I did not adequately describe the terms “compliance entities” and “non-compliance” entities. Compliance entities are those fossil-fired generating units that have the compliance obligation to surrender a RGGI allowance for every ton of CO2 emitted. Non-compliance entities are those organizations that have purchased RGGI allowances as investments.

This means the Regional Greenhouse Gas Initiative is headed nowhere in terms of the strategy the public has been sold by the politicians; it is approaching a situation (if not already there) where it will have to reward investment in non-compliance entities such as natural gas fired power plants or fine these entities, which will then pass the costs onto consumers who will never know what hit them.

I agree that RGGI is headed nowhere but the problem is different than Tom described. The problem is that the non-compliance entities (think Morgan Stanley and other investment companies) now hold the majority of the RGGI allowances. The RGGI states reduced future allowances allocated to the auctions and their cap presumes that further reductions are possible when the fact is that most of the fuel switching has already occurred. As a result, there are not enough allowances for compliance entities to purchase at upcoming auctions in order to operate. Therefore they will have to go to the non-compliance entities and purchase their allowances if they want to run. This shortage will increase the price and the non-compliance entities will profit. However, the public will not get any benefit from the increased price of the non-compliance entity allowance sales because they only get benefits from auction proceeds.  In other words, the non compliance entities have already purchased the allowances so the higher price of the allowances due to profiteering will simply be passed on to consumers. Worse if the compliance entities are not able to get the allowances they need to run their only compliance option is to not run which could lead to reliability issues.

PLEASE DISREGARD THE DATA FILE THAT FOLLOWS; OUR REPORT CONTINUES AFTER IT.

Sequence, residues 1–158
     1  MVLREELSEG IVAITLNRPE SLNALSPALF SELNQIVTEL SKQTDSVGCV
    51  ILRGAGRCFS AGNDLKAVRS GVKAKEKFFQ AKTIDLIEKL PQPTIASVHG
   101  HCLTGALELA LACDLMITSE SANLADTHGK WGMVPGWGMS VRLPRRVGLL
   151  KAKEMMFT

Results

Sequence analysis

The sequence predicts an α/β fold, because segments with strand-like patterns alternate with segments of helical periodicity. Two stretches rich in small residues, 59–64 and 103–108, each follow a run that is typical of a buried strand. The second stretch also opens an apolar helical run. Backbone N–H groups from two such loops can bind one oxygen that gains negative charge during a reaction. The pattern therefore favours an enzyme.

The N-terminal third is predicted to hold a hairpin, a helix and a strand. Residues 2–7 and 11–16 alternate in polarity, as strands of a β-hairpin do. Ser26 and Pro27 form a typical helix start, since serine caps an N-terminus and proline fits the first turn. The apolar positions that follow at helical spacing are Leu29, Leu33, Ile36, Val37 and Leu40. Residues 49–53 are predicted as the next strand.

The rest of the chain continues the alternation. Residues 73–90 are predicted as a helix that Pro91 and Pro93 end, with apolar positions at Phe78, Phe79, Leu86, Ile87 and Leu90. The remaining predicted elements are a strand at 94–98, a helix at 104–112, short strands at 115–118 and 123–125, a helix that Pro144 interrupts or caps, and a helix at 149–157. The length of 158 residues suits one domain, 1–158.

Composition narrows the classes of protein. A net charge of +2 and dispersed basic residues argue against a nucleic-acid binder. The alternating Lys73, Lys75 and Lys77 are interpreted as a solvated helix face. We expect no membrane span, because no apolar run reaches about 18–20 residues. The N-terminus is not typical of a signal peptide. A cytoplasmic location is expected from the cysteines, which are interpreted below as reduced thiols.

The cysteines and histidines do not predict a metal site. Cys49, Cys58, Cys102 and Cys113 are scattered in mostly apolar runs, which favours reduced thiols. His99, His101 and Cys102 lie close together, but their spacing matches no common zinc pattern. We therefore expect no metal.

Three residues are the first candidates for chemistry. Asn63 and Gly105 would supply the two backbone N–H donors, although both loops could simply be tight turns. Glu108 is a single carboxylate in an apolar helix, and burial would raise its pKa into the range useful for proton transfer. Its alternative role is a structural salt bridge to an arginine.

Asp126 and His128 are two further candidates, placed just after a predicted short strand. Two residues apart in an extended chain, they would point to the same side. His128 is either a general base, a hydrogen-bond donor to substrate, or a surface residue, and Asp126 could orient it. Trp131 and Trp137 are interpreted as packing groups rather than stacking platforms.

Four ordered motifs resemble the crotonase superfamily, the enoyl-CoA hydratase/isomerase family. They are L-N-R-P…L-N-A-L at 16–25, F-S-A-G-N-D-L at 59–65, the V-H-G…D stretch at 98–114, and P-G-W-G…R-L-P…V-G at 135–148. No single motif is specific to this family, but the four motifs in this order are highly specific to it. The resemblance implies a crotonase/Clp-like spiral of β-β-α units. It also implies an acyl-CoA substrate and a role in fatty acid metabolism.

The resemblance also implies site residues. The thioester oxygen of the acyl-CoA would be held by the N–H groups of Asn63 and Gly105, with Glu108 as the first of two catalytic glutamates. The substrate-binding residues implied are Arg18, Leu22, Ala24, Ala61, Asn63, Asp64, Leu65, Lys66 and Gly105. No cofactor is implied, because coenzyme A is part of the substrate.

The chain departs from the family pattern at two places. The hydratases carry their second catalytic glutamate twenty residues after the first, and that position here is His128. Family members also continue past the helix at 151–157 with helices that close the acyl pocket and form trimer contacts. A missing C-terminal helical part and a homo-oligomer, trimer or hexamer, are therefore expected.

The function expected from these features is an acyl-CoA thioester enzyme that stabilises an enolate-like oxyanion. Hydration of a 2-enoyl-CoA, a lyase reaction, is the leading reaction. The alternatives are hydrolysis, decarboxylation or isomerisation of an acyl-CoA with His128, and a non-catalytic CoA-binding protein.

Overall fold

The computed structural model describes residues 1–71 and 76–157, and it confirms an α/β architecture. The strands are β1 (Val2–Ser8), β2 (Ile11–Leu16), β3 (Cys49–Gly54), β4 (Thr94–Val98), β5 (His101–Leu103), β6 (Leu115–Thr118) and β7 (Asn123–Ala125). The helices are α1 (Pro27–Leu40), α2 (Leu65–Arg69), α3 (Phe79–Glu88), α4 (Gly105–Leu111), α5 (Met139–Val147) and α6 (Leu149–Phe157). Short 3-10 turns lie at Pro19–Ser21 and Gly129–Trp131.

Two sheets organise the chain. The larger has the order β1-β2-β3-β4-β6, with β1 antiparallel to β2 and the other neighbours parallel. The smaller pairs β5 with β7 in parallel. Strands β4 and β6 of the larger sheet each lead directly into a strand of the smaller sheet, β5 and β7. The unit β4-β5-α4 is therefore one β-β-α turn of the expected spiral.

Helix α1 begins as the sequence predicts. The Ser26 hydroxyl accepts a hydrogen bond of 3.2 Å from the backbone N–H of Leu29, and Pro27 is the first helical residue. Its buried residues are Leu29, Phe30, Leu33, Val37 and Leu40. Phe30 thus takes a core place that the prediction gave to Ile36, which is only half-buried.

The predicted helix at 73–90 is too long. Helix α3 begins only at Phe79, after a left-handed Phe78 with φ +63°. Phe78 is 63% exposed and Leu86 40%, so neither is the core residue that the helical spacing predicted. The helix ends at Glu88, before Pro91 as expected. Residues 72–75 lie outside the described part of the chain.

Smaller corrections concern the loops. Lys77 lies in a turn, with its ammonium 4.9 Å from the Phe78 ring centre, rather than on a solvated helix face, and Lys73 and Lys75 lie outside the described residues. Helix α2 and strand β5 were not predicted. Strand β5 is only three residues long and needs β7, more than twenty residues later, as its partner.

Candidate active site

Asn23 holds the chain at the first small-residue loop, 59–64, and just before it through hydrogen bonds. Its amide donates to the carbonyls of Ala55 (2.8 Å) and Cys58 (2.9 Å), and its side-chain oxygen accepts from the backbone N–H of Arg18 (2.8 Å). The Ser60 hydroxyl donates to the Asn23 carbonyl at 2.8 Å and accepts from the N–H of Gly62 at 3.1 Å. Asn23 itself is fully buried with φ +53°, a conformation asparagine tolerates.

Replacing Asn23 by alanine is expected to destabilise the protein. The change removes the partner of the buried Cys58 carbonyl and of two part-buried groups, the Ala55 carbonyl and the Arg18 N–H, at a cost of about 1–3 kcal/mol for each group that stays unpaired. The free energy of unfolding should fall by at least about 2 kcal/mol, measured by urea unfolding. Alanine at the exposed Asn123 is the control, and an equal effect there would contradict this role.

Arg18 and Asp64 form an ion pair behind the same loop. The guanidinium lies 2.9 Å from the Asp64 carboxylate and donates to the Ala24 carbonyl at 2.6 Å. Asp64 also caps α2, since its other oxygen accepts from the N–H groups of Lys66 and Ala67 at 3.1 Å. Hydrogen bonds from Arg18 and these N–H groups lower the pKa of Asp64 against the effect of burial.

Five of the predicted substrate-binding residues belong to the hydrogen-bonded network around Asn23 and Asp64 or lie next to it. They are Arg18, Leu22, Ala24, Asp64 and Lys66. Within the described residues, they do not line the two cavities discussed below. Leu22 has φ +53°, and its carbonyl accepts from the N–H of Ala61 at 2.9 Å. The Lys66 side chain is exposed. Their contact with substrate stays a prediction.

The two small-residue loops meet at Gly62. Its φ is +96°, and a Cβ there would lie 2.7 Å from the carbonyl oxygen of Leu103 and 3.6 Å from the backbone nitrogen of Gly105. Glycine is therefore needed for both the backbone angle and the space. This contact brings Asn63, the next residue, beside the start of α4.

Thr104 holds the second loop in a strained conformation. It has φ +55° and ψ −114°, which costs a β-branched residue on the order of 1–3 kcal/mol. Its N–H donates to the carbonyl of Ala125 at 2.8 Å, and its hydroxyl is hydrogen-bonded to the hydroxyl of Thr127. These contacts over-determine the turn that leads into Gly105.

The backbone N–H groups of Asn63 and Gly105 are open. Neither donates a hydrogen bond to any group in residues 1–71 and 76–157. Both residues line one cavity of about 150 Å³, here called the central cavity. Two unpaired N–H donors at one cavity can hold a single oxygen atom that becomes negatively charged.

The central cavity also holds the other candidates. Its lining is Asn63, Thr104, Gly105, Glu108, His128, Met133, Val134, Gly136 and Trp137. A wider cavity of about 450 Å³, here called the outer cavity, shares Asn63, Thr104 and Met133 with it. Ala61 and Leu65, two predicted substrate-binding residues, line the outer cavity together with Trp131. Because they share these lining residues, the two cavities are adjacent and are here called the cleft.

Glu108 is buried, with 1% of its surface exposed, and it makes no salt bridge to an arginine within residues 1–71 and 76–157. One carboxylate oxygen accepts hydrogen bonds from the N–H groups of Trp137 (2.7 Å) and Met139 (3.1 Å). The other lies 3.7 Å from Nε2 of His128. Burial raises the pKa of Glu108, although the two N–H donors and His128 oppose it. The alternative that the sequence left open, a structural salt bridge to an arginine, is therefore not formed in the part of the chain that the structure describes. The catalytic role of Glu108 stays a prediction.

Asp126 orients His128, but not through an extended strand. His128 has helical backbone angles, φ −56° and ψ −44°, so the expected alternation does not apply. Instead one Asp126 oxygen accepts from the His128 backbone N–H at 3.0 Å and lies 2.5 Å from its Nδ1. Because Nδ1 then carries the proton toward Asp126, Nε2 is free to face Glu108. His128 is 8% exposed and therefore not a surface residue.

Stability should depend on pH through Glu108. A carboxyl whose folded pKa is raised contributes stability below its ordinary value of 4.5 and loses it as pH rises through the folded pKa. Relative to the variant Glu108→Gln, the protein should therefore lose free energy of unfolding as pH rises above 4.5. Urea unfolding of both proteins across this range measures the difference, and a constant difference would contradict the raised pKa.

My final point is that this is uncharted territory for RGGI. No one knows how the market will react or what the prices on the market relative to auctions will be when this allowance shortage hits. Consumers in the RGGI states will be the guinea pigs for this experiment.

RGGI Emission and Allowance 2018 Status

This is a post on the status of emissions and allowances in the Regional Greenhouse Gas Initiative (RGGI). It is another in a series of posts on RGGI that discusses how RGGI has fared so far and what might happen in the future. The fact is that RGGI is edging towards uncharted territory where affected sources that have to comply with the regulations are going to have to get the allowances they need for compliance from investors.

I have been involved in the RGGI program process since its inception. Before retirement from a non-regulated generating company, I was actively analyzing air quality regulations that could affect company operations and was responsible for the emissions data used for compliance. After years dealing with RGGI I worry that whether due to boredom or frustration, that there is very little dissent to the program. It may be because, contrary to EPA and State agency rulemakings, RGGI does not respond to critical comments and rebut concerns raised by stakeholders. After years of making comments that disappear into a void, industry does not seem to think there is value to making comments. The opinions expressed in this post do not reflect the position of any of my previous employers or any other company I have been associated with, these comments are mine alone.


RGGI Annual CO2 Emissions lists the total CO2 emissions from the states currently in RGGI. After pretty consistent reductions over time last year there was a six million ton increase from 2017. Stay tuned to another post that looks into the emissions data in more detail. However, note that I have previously posted on the reductions to date which suggest that further reductions will be much more difficult than in the past.

Allowance Status